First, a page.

Energy self-sufficiency for New Brunswick, Part Four: transforming transportation

Published Tuesday, September 1, 2015 in the New Brunswick Telegraph Journal and the Fredericton Daily Gleaner.

When it comes to energy self-sufficiency for NB, perhaps there is no more daunting sector than transportation.  Here’s an overview of the challenges and potential solutions.

The challenge

Virtually everything that moves people or freight in NB runs on fossil fuel – all of it imported.  Nearly a third of our total emissions come from planes, trains, trucks, ships, pipelines and personal vehicles – most from the latter.  

When it comes to de-carbonizing transportation and making NB energy self-sufficient, unfortunately, there is no ‘silver bullet’ solution.  But there is silver buckshot: a suite of actions, policies and technologies that, applied collectively and with commitment, will take us a long way in the direction we need to go.

First, reduce

In plant science, ‘luxury consumption’ refers to a plant absorbing more of a nutrient from the soil than it needs.  It could be said that we – all Western societies – have evolved into ‘luxury consumption’ of transportation.  We drive and fly more than ever.  We consume more products than ever that come from further than ever.

So perhaps a good first step would be to appraise our personal ‘transportation footprint’ – especially our motor vehicle use.  Is every drive we take really important and necessary?  Could many errands be combined into one trip?  Are there other options that don’t involve driving, like cycling or walking?  What about carpooling or using public transportation, especially on our daily commute?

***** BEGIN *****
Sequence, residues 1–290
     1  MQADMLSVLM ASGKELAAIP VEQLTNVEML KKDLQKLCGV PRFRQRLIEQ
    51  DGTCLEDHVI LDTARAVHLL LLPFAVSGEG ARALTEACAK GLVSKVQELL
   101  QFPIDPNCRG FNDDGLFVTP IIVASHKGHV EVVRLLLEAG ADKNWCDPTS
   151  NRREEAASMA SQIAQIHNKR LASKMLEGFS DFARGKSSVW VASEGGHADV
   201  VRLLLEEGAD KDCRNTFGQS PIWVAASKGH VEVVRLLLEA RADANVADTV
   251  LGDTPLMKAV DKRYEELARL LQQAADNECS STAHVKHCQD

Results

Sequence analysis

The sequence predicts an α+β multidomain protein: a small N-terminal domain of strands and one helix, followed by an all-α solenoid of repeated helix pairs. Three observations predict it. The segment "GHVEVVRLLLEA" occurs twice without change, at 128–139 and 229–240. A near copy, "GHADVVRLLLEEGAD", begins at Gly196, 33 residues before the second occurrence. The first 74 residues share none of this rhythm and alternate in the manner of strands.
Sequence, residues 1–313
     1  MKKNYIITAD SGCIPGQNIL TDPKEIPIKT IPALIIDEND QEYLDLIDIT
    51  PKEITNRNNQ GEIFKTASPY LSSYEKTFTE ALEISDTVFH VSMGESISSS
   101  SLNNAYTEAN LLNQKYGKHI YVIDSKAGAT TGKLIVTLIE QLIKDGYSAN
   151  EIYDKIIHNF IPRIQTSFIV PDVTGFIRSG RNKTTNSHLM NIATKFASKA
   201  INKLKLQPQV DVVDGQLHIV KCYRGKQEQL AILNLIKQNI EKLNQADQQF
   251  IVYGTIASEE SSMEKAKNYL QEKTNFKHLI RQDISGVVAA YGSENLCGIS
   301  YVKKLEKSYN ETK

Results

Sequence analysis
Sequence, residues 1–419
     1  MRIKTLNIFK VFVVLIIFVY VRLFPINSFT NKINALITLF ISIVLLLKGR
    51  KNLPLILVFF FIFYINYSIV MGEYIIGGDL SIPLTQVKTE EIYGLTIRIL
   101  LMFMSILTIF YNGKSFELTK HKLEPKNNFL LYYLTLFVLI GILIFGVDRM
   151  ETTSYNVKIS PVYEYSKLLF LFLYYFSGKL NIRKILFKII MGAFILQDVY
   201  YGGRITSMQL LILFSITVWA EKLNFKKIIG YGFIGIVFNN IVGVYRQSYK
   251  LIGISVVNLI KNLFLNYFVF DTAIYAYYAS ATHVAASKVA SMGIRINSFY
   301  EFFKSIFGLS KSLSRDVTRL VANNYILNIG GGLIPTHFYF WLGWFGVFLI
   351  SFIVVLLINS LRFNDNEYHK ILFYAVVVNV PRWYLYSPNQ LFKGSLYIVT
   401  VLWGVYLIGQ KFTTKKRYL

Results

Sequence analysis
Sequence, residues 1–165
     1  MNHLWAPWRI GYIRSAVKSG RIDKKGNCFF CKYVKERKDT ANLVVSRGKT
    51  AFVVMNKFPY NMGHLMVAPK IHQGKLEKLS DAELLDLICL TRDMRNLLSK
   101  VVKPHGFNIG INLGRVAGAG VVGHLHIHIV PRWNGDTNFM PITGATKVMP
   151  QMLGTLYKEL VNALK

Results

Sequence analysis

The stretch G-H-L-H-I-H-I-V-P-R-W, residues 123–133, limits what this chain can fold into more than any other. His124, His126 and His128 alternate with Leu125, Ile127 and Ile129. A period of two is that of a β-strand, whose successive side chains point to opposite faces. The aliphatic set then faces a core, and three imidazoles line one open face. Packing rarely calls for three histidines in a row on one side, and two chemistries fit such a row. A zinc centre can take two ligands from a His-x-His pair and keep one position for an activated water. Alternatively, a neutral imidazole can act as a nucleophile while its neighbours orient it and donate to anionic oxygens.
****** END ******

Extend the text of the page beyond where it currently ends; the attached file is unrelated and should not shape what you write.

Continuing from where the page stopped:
And for other elements of that transportation footprint: could we videoconference instead of fly?  Do we really need strawberries in January, or all that merchandise brought in from China?

With commitment and focus on reduction and efficiency, there’s little doubt that NB could greatly reduce its emissions from transportation and its need for expensive imported fossil fuel.  A few well-placed incentives and policies could help give us that needed commitment and focus.


Amazing things can happen when the right thing to do is also the easiest or cheapest thing to do.  Here are a few suggestions for our leaders to help tilt things in that direction: 

  • Carpooling:  establish a full network of well-placed carpool parking lots along our highways.  Support the development of a province-wide, user-friendly secure ridesharing website like Saint John’s, to make it easy for commuters traveling in the same direction at the same time to connect.  Add a capacity for one-time rideshares like grocery runs, appointments or trips to and from campus.  
  • Public transit: support the development of improved networks and schedules.  Install lockable bike racks at bus stops.  Support the development of more suburban express services like Saint John’s Comex, and intercity commuter buses (IE Fredericton – Saint John).  Integrate carpool lots with transit systems and schedules.
  • Human-powered transportation: improve trail networks; add bike lanes and bike racks; enhance safety by giving bikes priority at intersections; promote the establishment of bike sharing systems like Montreal’s Bixi
  • Incentives and disincentives: gradually increase parking rates to nudge drivers toward alternatives.  Realign vehicle registration fees to discourage inefficient vehicles and promote efficient ones. 

Pay for all of the above by adding a few cents to the price of gas.


Electric vehicles, both cars and trucks, will be the ultimate solution to getting NB’s transportation system off of imported fossil fuel – provided the electricity to charge them comes from homegrown, non-emitting sources.  Incentives such as those offered in Ontario and BC could hasten their arrival, as would investments in more charging stations – perhaps in partnership with electric vehicle manufacturers.

There's no denying that achieving energy self-sufficiency in transportation will be a huge challenge.  It will take time, commitment, investment and education.  But the end results – sustainability, energy independence and greater self-reliance for NB – make it a goal worth pursuing.